Cheryl Day, a member of the management team at the Cow Café West Coast Grill, celebrates the 200 Dine Cowichan Meals the restaurant sold in support of Island Savings’ Get a Meal, Give a Meal campaign. (Submitted)
Business notes: Dine & Sip Cowichan raises $10,000 for local food banks

What’s going on in the Cowichan Valley business community

(Courtesy photo)
Editorial: Rent bank for Cowichan a wise investment

It’s essentially the collective emergency fund

North Cowichan will kick in more funding for the new field house at the Cowichan Sportsplex as the estimates of construction costs have dramatically risen. (File photo)
North Cowichan to contribute $325,000 more towards field house project

Cowichan Sportsplex project’s costs jump significantly

An armed officer walks outside Cerwydden Care on Cowichan Lake Road near Skinner Road Wednesday, April 14 around 5:30 p.m.
Trickster author Eden Robinson will be reading from her new book during an online conversation hosted by the Vancouver Island Regional Library on April 23. (Red Works Photography)
A&E column: Music, art, fundraising and renowned author

What’s going on in Cowichan Valley arts and entertainment

Demonstrators at the legislature on April 14 called on the province to decriminalize drug possession and provide widespread access to regulated safe supply across B.C. (Jake Romphf/News Staff)
Rally calls for decriminalization, safe supply on 5th anniversary of overdose emergency declaration

From 2016 to the end of February, 7,072 British Columbians died due to overdose

(Government of Canada)
Liberal MP caught stark naked during House of Commons video conference

William Amos, in Quebec, appeared on the screens of his fellow members of Parliament completely naked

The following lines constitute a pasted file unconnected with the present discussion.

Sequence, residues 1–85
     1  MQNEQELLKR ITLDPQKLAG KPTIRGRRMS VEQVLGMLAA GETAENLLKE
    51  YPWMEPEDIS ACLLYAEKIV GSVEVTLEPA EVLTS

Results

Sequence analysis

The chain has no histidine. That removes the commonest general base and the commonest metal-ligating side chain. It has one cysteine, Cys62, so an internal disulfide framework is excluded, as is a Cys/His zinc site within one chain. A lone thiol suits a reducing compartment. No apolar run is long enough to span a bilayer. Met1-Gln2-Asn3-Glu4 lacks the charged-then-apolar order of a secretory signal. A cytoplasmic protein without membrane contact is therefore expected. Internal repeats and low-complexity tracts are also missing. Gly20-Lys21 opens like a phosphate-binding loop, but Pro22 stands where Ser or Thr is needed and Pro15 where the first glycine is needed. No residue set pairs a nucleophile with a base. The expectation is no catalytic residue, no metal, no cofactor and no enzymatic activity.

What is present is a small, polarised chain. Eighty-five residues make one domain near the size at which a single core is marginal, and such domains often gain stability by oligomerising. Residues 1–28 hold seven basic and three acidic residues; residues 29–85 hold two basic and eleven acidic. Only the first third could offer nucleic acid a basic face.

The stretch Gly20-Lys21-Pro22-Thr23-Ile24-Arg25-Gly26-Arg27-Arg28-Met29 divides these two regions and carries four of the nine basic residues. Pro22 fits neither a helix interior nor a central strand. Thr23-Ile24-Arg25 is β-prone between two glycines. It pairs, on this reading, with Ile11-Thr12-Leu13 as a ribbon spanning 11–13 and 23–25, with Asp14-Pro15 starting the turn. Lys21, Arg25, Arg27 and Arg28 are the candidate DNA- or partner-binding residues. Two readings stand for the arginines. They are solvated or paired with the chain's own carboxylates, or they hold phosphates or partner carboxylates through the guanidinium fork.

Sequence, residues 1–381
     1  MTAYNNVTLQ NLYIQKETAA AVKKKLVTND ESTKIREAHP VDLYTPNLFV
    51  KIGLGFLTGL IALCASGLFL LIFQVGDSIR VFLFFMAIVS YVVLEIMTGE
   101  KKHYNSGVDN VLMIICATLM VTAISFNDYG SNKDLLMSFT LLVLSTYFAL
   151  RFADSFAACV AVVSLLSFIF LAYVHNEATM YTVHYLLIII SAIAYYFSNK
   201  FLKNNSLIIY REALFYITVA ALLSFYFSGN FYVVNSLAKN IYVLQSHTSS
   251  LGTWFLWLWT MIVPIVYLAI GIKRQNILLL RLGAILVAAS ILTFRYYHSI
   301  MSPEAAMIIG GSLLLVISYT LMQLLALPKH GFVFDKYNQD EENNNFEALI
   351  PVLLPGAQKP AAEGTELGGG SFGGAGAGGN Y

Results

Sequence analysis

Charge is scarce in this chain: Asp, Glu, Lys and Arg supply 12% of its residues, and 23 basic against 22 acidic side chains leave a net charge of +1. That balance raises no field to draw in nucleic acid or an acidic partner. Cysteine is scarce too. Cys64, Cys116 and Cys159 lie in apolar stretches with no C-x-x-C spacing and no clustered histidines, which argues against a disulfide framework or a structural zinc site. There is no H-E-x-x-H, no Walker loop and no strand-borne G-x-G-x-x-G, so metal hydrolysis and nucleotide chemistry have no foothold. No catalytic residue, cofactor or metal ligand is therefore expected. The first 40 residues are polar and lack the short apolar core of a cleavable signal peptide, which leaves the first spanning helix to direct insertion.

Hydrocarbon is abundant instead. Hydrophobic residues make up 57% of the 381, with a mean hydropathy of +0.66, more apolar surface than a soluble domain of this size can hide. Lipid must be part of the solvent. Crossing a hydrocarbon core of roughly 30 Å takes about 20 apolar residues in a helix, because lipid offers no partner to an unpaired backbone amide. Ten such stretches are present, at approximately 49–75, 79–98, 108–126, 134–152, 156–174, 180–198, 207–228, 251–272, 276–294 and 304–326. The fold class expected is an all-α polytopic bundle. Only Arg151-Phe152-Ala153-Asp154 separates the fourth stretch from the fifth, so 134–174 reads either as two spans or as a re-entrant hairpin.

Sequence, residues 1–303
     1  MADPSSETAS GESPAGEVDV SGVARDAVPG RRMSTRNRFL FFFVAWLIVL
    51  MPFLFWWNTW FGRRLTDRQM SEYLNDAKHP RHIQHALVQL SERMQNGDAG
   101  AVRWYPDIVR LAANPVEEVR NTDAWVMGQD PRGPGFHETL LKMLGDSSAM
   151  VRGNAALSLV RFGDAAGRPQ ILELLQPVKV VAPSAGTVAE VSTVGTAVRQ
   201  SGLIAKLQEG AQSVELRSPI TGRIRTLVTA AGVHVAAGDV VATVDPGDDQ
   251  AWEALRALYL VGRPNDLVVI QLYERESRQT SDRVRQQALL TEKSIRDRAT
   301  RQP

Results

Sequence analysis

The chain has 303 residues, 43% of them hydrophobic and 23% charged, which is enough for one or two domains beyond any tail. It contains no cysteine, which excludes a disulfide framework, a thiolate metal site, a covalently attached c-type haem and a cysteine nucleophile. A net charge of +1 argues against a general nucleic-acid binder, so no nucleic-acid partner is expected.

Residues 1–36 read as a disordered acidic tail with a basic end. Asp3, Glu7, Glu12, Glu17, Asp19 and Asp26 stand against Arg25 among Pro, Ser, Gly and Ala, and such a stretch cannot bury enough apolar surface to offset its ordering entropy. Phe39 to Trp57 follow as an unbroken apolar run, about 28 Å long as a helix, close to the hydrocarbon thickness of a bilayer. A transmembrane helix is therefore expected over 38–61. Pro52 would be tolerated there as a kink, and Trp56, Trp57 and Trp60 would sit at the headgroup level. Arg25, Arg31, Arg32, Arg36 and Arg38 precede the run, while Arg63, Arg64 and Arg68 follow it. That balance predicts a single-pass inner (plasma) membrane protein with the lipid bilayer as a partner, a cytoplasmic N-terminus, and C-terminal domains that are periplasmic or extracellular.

Provincial health officer Dr. Bonnie Henry updates B.C.’s COVID-19 situation at the B.C. legislature, Feb. 1, 2020. (B.C. government)
B.C.’s COVID-19 case count jumps to 1,168 Wednesday, nearly 400 in hospital

Now 120 coronavirus patients in intensive care, six more deaths

Moss covered branches are seen in the Avatar Old Growth Forest near Port Renfrew on Vancouver Island, B.C. Thursday, Sept. 29, 2011. THE CANADIAN PRESS/Jonathan Hayward
B.C. blockades aimed at protecting old-growth forests reveal First Nation split

Two Pacheedaht chiefs say they’re ‘concerned about the increasing polarization over forestry activities’ in the territory

Richmond RCMP Chief Superintendent Will Ng said, in March, the force received a stand-out number of seven reports of incidents that appeared to have “racial undertones.” (Phil McLachlan/Capital News)
‘Racially motivated’ incidents on the rise in B.C’s 4th largest city: police

Three incidents in Richmond are currently being invested as hate crimes, says RCMP Chief Superintendent Will Ng

Commercial trucks head south towards the Pacific Highway border crossing Wednesday (April 14, 2021). The union representing Canadian border officers wants its members to be included on the frontline priority list for the COVID-19 vaccine. (Aaron Hinks photo)
CBSA officers’ union calls for vaccine priority in B.C.

Border officers at ports including, YVR and land crossings should ‘not be left behind’

(Amandalina Letterio - Capital News)
Kelowna demonstrators show support for Vancouver Island logging activists

Two Kelowna men stood atop a pedestrian bridge on Harvey Avenue to raise awareness about old-growth forests

A still from the video taken of a violent arrest on May 30, 2020 in downtown Kelowna. (File)
Kelowna Mountie charged with assault for caught-on-camera violent arrest

Const. Siggy Pietrzak was filmed punching a suspected impaired driver at least 10 times during an arrest

Most Read